“The Af Al Pi Chen,” he said, “one of the vessels that used to bring illegal immigrants into the port of Haifa under the noses of the British.  During the Mandate, of course.”
“Can we go and explore, grandpa?” asked Eli.
“Yes, off you go.  I’ll never keep pace with you.  I’ll go round in my own time.”
They raced away and I turned to the man at the desk, his face half in shadow. 
“It seems like a very good place to bring children.”
“Oh, kids like scrambling about the ship.  For them it’s an adventure.  But the story we tell here – that’s a different matter.  That’s no fairy tale.”
“I know,” I said.
“I was in the middle of it all,” said the man.
“Is that how you came to work in the museum?”
“Partly.  Yes, I was well qualified, I suppose.  The Haganah, first in the '30s and then after the Second World War, and then a spell in the Israeli Navy.  But by that time I was already searching for someone – someone I wanted to find very badly indeed.  When I left the Navy I looked for a job where I could go on searching.  This was ideal.”
“Sounds intriguing,” I said.   “Who are you searching for?”
“I'll tell you.  Have you got time for a chat?”
“Why not?  The children seem happy enough.”
I took a seat and he paused, as if seeking the best way to break into the narrative.
“Where to begin?  After the War our people, the pitiful remnants who had survived Hitler's camps, were still in camps – refugee camps – and yearning, as Jews had yearned for two thousand years, to come here.  For them, at that time, it was the only possible haven.  We had to bring them in.  The Haganah bought, borrowed, chartered, whatever vessels we could from wherever we could.  We brought them across the sea – to within sight of the land.  And then we faced the British blockade.  So we had to smuggle them in – or try to.
“It was in the autumn of 1947 that I was appointed leader for one particular voyage.  We were about to set sail for Haifa, when I received instructions by radio that a co‑leader from the Palmach had been assigned.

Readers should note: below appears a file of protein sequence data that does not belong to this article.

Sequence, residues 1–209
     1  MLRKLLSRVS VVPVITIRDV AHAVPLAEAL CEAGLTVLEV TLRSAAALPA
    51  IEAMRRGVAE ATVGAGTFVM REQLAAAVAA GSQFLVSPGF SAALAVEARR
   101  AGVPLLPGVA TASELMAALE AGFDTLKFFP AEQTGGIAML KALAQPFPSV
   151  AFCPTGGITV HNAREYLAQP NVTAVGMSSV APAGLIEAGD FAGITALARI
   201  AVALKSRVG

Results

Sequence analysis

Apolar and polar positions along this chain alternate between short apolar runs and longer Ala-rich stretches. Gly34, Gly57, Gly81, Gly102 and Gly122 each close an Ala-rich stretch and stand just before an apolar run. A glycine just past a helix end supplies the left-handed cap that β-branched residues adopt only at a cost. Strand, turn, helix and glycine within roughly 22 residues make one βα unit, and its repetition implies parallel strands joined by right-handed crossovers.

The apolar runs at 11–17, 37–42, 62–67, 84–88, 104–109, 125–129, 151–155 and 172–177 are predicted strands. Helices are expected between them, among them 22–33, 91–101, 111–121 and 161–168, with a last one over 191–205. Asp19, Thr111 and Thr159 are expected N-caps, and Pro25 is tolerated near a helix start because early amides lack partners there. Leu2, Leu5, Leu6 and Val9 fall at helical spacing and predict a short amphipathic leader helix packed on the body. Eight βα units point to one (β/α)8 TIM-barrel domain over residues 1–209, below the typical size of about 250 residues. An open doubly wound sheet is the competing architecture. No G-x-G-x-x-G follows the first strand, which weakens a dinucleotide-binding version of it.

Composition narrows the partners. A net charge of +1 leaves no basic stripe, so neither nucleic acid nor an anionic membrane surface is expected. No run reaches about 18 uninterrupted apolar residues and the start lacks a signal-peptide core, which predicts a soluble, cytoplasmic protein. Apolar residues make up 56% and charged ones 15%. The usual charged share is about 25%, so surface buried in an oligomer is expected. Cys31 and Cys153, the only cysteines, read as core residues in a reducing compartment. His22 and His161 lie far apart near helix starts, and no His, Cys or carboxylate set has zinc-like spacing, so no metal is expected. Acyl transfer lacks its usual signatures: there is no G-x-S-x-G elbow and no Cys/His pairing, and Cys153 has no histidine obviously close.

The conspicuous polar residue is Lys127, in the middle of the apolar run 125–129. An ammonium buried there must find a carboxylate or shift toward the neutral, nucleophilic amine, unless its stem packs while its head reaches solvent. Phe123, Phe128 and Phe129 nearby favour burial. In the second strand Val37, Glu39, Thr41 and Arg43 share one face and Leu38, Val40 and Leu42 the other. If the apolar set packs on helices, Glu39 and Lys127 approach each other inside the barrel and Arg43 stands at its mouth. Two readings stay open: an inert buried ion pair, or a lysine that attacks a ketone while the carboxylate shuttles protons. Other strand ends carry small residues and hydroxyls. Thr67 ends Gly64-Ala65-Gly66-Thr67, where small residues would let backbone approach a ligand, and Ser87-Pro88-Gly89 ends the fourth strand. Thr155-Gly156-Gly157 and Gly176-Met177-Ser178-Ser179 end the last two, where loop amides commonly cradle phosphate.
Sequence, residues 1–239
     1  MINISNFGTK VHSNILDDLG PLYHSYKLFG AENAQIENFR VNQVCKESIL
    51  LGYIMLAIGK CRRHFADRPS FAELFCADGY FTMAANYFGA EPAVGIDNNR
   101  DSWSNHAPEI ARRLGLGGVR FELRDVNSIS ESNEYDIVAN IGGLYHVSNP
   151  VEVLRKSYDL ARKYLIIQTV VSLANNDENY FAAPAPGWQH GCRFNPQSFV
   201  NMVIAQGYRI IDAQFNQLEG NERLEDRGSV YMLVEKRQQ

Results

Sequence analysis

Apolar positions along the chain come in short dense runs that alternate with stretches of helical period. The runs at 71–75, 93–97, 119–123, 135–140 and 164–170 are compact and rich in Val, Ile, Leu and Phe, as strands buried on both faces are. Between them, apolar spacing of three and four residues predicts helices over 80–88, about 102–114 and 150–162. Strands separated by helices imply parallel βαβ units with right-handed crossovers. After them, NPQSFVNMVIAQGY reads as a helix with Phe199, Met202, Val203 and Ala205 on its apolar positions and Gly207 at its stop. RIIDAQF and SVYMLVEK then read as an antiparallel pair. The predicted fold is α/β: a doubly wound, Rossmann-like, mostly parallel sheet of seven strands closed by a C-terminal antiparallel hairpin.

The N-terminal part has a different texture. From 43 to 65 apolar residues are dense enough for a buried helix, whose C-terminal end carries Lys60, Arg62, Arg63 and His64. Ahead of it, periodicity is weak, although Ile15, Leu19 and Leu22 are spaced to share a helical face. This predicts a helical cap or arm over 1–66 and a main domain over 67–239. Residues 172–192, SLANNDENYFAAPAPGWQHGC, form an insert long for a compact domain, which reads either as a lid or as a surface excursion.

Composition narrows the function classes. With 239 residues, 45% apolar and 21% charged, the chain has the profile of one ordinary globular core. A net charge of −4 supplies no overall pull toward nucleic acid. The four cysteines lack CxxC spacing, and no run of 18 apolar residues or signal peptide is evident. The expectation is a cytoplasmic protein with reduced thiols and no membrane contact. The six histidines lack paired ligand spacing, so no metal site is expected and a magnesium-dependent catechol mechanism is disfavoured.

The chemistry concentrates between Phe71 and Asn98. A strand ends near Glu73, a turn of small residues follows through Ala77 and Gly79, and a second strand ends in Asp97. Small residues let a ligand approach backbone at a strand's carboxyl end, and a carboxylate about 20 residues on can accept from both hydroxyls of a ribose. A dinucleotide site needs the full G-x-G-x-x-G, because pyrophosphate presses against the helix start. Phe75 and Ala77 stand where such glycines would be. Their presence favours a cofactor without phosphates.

“I was uneasy from the moment the man arrived on board – tall, thin, fair‑haired, blue‑eyed and clearly a native German speaker.  He looked like the archetypal Aryan – and he aroused in me the strongest possible antipathy.  I didn't beat about the bush.
" 'I don't trust you,' I said.  'Understand?’
“ ‘Couldn't be clearer,’ he said.  ‘From now on I'm just one of the refugees – OK? – and you’re sole leader.  All right?’
            The man at the desk paused, and looked across at me.  I said nothing.
“But in the end I wasn't able to do without him.  When we were just over the horizon from Haifa, the radio packed up.  That meant we couldn't contact the reception committee, back on the mainland, waiting to organise the run into shore and the disembarkation.  So I just had to turn to the man from the Palmach.
“ ‘You'll have to row for the shore,' I said, 'and contact the reception committee.  There's no other way.  You'll set out at 5 p.m..  You'll have two hours of daylight and four of our precious night hours to row to the shore and make contact.  Precisely six hours after you've left, at 11 p.m., we'll begin to edge towards the coast.  I expect to see the current Haganah welcoming message by Morse lamp from the top of Mount Carmel during the night – in good time for us to get to the beach and disembark our passengers.   Now, is that all understood?'
“ ‘Aye, aye captain’ he said.  ‘Now, when you say the current Haganah message ...?’